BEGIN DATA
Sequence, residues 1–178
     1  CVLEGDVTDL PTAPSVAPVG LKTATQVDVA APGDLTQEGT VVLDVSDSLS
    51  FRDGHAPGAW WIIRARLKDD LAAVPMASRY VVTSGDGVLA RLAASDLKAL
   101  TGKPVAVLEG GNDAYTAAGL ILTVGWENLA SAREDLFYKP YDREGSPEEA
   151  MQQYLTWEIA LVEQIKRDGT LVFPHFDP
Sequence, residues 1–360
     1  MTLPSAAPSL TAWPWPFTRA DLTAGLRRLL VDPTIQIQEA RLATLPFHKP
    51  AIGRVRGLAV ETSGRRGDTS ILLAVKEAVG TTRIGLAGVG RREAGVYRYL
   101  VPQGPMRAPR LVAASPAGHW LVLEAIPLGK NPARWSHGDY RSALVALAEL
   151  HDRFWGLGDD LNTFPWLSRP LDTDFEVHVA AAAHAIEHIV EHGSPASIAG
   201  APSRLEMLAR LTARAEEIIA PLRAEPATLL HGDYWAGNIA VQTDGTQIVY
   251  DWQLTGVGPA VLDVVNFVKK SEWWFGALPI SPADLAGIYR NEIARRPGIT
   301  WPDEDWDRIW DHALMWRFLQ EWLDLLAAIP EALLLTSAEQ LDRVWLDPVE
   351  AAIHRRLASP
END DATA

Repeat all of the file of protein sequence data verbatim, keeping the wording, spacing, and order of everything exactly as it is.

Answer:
Sequence, residues 1–178
     1  CVLEGDVTDL PTAPSVAPVG LKTATQVDVA APGDLTQEGT VVLDVSDSLS
    51  FRDGHAPGAW WIIRARLKDD LAAVPMASRY VVTSGDGVLA RLAASDLKAL
   101  TGKPVAVLEG GNDAYTAAGL ILTVGWENLA SAREDLFYKP YDREGSPEEA
   151  MQQYLTWEIA LVEQIKRDGT LVFPHFDP
Sequence, residues 1–360
     1  MTLPSAAPSL TAWPWPFTRA DLTAGLRRLL VDPTIQIQEA RLATLPFHKP
    51  AIGRVRGLAV ETSGRRGDTS ILLAVKEAVG TTRIGLAGVG RREAGVYRYL
   101  VPQGPMRAPR LVAASPAGHW LVLEAIPLGK NPARWSHGDY RSALVALAEL
   151  HDRFWGLGDD LNTFPWLSRP LDTDFEVHVA AAAHAIEHIV EHGSPASIAG
   201  APSRLEMLAR LTARAEEIIA PLRAEPATLL HGDYWAGNIA VQTDGTQIVY
   251  DWQLTGVGPA VLDVVNFVKK SEWWFGALPI SPADLAGIYR NEIARRPGIT
   301  WPDEDWDRIW DHALMWRFLQ EWLDLLAAIP EALLLTSAEQ LDRVWLDPVE
   351  AAIHRRLASP